Is Using Samples & Loops Cheating?
Aug 8, 2022
Why You Should Be Using Royalty-Free Loops In Your Beats
There’s a lot of debate about using royalty-free loops in your beats. Some producers feel like it’s “cheating”, while others see it as a way to get the most out of their music.
Regardless let me set one thing straight right away.
No, using loops is not “cheating”
And yes professionals do use loops, in fact, we use them all the time.
If anything there may be a difference in how we use them compared to an amateur, but otherwise, it’s a fairly common practice.
No matter which side of the debate you’re on, there’s no denying the fact that royalty-free loops can be a great tool in your arsenal.
What are royalty-free loops?
A royalty-free loop is a short loopable audio recording that has been made with the intention of being combined with other sounds in a way that makes a song. They are usually made available in packs or kits (sample packs, loop packs, sound kit,s etc…)
The royalty-free part means that the creator of the song will not get charged any fees for using the loop in their song
There are a few things to consider when looking for royalty-free loops. The most important thing is to make sure that you are actually using a royalty-free loop. This means that you are not required to pay any additional fees beyond the initial purchase price.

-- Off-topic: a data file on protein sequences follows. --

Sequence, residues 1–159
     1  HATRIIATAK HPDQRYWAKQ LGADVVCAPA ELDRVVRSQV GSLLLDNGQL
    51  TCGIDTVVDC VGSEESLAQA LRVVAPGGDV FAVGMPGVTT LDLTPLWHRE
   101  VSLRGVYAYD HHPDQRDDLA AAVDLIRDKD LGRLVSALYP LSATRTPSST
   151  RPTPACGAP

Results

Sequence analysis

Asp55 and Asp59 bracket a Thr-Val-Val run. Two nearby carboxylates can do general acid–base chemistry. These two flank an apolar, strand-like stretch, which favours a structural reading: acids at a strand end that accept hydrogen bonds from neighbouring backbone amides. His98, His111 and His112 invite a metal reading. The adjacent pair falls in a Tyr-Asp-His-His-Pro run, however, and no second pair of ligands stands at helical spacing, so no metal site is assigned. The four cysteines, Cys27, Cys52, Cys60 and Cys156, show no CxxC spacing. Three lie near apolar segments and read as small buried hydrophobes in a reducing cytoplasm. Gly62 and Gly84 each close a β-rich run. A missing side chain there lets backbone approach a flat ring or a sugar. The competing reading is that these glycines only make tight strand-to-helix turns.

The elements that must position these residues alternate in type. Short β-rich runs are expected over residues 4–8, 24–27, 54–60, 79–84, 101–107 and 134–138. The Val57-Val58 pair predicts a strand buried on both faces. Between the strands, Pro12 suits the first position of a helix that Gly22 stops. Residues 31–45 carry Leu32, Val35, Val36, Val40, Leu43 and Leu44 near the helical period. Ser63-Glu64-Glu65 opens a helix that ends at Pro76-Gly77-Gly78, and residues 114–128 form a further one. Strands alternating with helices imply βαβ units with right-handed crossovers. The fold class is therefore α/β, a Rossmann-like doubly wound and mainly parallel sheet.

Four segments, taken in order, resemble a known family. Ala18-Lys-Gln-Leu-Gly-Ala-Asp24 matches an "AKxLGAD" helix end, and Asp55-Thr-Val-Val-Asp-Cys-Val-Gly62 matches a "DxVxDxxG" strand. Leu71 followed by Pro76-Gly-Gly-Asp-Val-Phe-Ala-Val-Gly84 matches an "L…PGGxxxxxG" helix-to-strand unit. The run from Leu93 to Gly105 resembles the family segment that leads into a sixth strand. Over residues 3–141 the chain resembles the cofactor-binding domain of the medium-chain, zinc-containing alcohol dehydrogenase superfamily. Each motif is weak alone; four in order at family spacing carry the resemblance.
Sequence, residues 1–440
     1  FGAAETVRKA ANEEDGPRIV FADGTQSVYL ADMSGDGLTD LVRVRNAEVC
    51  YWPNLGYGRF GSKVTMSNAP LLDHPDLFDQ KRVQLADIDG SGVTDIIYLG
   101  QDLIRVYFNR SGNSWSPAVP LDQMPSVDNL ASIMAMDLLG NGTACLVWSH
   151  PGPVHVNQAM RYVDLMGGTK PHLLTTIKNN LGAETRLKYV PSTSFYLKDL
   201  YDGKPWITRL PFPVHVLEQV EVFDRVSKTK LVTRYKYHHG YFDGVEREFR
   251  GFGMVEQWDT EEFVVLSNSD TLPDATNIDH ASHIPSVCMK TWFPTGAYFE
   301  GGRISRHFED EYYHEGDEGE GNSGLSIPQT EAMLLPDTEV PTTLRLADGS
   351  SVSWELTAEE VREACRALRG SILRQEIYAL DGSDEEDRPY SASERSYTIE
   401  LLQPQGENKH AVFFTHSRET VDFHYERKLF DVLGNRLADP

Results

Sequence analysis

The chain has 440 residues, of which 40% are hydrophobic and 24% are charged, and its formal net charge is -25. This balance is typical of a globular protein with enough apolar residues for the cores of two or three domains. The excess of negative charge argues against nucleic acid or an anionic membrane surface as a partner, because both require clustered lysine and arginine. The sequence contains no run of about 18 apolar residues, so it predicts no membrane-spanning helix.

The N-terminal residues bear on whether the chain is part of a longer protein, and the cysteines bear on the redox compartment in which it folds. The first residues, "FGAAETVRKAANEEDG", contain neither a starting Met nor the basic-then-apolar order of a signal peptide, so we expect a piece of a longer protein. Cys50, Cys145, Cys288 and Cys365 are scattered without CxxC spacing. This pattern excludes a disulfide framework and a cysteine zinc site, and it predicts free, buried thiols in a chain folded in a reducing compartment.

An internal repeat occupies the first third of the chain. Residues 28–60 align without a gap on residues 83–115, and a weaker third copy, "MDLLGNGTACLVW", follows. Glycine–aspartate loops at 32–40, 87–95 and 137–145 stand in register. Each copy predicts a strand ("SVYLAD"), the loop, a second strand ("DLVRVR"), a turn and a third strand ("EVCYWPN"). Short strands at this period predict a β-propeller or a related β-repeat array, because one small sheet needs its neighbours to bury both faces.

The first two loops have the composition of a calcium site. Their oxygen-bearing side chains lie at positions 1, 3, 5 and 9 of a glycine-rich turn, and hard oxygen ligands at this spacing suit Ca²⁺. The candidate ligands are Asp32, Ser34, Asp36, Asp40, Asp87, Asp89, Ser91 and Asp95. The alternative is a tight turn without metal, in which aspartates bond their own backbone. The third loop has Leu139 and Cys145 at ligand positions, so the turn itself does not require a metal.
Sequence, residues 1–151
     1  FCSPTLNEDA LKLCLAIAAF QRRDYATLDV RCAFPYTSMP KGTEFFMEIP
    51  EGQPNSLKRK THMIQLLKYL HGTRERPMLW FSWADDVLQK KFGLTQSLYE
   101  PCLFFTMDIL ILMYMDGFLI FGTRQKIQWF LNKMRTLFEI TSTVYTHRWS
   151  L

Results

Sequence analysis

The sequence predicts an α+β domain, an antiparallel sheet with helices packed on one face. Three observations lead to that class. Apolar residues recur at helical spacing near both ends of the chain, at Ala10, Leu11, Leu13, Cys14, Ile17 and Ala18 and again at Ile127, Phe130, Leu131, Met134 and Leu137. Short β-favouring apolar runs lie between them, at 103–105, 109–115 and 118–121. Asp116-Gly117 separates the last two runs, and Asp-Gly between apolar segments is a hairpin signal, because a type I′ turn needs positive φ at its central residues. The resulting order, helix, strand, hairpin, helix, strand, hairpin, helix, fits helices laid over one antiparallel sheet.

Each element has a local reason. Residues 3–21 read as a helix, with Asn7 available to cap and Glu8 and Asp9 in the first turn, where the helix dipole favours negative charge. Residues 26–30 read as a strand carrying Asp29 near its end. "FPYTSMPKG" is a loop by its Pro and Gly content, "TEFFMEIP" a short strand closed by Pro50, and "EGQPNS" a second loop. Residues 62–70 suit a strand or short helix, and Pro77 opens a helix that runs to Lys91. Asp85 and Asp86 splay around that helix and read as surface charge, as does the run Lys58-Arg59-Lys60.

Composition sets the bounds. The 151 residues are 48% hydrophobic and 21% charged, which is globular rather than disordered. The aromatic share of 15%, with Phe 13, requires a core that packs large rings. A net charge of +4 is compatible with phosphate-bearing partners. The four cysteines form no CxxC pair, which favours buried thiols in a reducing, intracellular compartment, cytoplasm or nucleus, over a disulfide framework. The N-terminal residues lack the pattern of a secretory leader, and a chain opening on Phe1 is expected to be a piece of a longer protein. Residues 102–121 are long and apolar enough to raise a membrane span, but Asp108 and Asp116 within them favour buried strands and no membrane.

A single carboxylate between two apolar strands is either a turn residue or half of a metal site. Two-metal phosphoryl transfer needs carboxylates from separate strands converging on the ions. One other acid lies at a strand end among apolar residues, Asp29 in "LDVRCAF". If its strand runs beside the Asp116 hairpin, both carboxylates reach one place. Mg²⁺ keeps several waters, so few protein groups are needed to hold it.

You also want to make sure that the loop is high quality and fits with your project.
Where To Find Royalty-Free Loops
Finding a quality royalty-free loop can be difficult, but there are a few resources that can help.
There are a number of websites that offer royalty-free loops, and most of these loops are high quality. You can also find royalty-free loops through online marketplaces and boutique online shops like ours.
If you are looking for a specific type of loop, it can be helpful to search by genre. This will help you to find loops that are specifically suited to your project.
It can also be helpful to search by tempo. This will help you to find loops that match the tempo of your project.
Regardless of where you find your royalty-free loops, it is important to make sure that you read the licensing agreement carefully. This will ensure that you are using the loops in accordance with the license agreement.
Should I Use Loops In My Beats?